Including separation anx­ iety disorder, selective mutism, specific phobia, social



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Anxiety disorders 

(FIG. 1)


, including separation anx­

iety disorder, selective mutism, specific phobia, social 

 anxiety disorder, panic disorder, agoraphobia and 

general ized anxiety disorder, constitute the largest 

group of mental disorders in most western societies and 

are a leading cause of disability

1–3

. In 2010, >60  million 



Europeans had an anxiety disorder

2

, resulting in a total 



cost of >74 billion euros

1

, which was largely due to 



 indirect costs such as disability. The essential features of 

anxiety disorders are excessive and enduring fear, anx­

iety and/or the avoidance of perceived threats either in 

the external (for example, social situations) or internal 

(for example, bodily sensations) environment. In addi­

tion, panic attacks can be a feature of anxiety disorders 

as a type of abrupt fear response. The avoidance behav­

iours that are features of some anxiety disorders can 

range from a refusal to enter certain situations to a subtle 

 reliance on objects or people to cope.

The onset of most anxiety disorders occurs during 

childhood, adolescence or early adulthood

4

. If untreated, 



anxiety disorders tend to be chronic with waxing and 

waning symptoms

5

, although symptom reduction might 



occur for ~40% of patients

6,7


. Anxiety disorders are 

often followed by depression and several other condi­

tions, meaning that they can also be a risk marker for 

disease burden

8

.

The diagnostic criteria for anxiety disorders are 



similar across the two most common classification sys­

tems: the Diagnostic and Statistical Manual of Mental 

Disorders, Fifth Edition (DSM­5)

9

 and the International 



Classification of Diseases, Tenth Edition (ICD­10)

10



Anxiety disorders can also be conceptualized as dimen­

sional, ranging from mild to severe. To illustrate, social 

anxiety covers mild social anxiety (for example, anxiety in 

performance situations that impairs functioning in work 

meetings), moderate social anxiety (for example, anxiety 

in several interactive and performance situations that 

impairs work performance and social relationships) and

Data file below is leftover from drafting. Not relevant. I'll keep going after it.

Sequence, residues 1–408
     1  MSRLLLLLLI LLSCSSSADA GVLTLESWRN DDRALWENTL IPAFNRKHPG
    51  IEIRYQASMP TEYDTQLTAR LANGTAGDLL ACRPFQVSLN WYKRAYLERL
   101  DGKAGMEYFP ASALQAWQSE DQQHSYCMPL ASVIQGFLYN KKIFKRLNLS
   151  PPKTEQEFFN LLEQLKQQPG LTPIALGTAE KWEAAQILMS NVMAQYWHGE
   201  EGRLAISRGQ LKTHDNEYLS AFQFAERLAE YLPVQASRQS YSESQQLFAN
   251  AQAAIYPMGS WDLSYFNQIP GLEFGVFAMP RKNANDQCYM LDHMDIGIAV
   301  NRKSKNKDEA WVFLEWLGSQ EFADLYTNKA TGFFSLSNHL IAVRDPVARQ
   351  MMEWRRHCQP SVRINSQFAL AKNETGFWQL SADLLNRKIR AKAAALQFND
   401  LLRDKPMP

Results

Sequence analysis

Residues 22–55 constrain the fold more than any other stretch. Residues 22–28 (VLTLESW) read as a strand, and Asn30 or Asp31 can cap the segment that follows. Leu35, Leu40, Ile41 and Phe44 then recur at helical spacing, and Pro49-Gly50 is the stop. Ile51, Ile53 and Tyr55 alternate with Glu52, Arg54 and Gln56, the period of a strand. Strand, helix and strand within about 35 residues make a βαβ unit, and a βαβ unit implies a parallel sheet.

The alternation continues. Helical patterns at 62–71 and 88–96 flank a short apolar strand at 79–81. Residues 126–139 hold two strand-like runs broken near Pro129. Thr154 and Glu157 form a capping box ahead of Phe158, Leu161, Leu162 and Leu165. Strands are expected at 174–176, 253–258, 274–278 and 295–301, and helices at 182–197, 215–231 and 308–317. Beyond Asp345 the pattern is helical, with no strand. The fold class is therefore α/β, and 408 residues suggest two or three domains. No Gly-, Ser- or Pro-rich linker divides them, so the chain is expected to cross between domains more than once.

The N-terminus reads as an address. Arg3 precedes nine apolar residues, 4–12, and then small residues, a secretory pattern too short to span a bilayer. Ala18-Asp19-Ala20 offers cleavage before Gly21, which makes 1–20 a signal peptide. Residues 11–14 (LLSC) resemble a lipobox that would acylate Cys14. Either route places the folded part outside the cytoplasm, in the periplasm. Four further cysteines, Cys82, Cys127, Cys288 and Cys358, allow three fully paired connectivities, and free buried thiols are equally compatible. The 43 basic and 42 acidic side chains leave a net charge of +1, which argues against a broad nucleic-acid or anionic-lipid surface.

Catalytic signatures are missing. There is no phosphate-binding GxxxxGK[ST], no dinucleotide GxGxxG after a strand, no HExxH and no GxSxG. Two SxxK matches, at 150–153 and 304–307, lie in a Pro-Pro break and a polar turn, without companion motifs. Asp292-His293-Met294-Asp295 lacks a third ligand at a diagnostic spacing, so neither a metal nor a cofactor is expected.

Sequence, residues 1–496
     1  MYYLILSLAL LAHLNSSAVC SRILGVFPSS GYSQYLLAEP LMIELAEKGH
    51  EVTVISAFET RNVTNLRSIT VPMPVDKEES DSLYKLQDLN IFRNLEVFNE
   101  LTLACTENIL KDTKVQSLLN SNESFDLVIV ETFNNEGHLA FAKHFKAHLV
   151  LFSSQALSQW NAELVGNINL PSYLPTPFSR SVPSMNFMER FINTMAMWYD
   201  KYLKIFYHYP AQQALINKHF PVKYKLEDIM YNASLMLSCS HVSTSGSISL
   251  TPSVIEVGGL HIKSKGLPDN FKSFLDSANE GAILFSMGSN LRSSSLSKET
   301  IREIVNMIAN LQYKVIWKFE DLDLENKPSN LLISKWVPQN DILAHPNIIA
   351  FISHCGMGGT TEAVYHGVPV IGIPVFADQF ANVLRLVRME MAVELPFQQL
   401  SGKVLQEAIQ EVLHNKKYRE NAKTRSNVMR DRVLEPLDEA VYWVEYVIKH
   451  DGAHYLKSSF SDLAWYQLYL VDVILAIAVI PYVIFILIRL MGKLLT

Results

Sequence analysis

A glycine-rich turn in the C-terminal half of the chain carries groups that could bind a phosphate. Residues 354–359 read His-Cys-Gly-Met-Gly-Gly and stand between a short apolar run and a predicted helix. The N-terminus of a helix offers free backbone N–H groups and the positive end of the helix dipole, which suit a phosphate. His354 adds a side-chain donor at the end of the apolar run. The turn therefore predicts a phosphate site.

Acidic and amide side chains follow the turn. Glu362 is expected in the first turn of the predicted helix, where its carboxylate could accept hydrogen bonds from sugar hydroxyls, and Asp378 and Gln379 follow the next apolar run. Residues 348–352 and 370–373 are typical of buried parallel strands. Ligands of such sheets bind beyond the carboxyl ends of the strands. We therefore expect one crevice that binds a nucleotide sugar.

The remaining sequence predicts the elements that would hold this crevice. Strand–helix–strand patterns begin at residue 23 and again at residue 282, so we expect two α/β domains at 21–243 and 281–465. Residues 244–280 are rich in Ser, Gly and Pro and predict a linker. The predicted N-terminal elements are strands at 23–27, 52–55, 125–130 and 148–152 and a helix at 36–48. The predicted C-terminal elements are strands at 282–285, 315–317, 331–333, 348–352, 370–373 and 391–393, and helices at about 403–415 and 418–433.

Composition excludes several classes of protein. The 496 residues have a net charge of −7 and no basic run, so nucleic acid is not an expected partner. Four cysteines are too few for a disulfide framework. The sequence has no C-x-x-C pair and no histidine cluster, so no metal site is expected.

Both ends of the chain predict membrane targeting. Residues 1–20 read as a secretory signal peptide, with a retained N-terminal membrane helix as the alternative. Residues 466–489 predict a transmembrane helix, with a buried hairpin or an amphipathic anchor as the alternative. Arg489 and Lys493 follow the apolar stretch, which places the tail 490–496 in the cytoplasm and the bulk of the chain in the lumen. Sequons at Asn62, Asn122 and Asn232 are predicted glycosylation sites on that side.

severe social anxiety (for example, anxiety in most social 

situations that results in job loss and social isolation).

Although post­traumatic stress disorder (PTSD) and 

obsessive–compulsive disorder (OCD) were historically 

included in the anxiety disorder category of the DSM, 

they were moved to adjoining chapters in the DSM­5. 

Given that both of these disorders were previously con­

sidered anxiety disorders, research pertaining to these 

conditions contributes to our understanding of anxiety 

disorders as a whole. Consequently, these disorders are 

occasionally referenced throughout this Primer.

This Primer discusses the epidemiology, diagnosis 

and management of anxiety disorders as a whole, refer­

ring to individual anxiety disorders where possible. 

Correspondence to M.G.C. 

Department of Psychology, 

University of California 

Los Angeles, 405 Hilgard 

Avenue, Los Angeles

California 90095, USA.

craske@psych.ucla.edu

Article number: 17024

doi:10.1038/nrdp.2017.24

Published online 4 May 2017; 

corrected online 14 Dec 2017

Anxiety disorders



Michelle G. Craske

1

, Murray B. Stein

2,3

, Thalia C. Eley

4

, Mohammed R. Milad

5,6



Andrew Holmes

7

, Ronald M. Rapee

8

 and Hans-Ulrich Wittchen

9

Abstract | Anxiety disorders constitute the largest group of mental disorders in most western 

societies and are a leading cause of disability. The essential features of anxiety disorders are 

excessive and enduring fear, anxiety or avoidance of perceived threats, and can also include panic 

attacks. Although the neurobiology of individual anxiety disorders is largely unknown, some 

generalizations have been identified for most disorders, such as alterations in the limbic system, 

dysfunction of the hypothalamic–pituitary–adrenal axis and genetic factors. In addition, general risk 

factors for anxiety disorders include female sex and a family history of anxiety, although 

disorder-specific risk factors have also been identified. The diagnostic criteria for anxiety disorders 

varies for the individual disorders, but are generally similar across the two most common 

classification systems: the Diagnostic and Statistical Manual of Mental Disorders, Fifth Edition 

(DSM-5) and the International Classification of Diseases, Tenth Edition (ICD-10). Despite their 

public health significance, the vast majority of anxiety disorders remain undetected and untreated 

by health care systems, even in economically advanced countries. If untreated, these disorders are 

usually chronic with waxing and waning symptoms. Impairments associated with anxiety disorders 

range from limitations in role functioning to severe disabilities, such as the patient being unable to 

leave their home.

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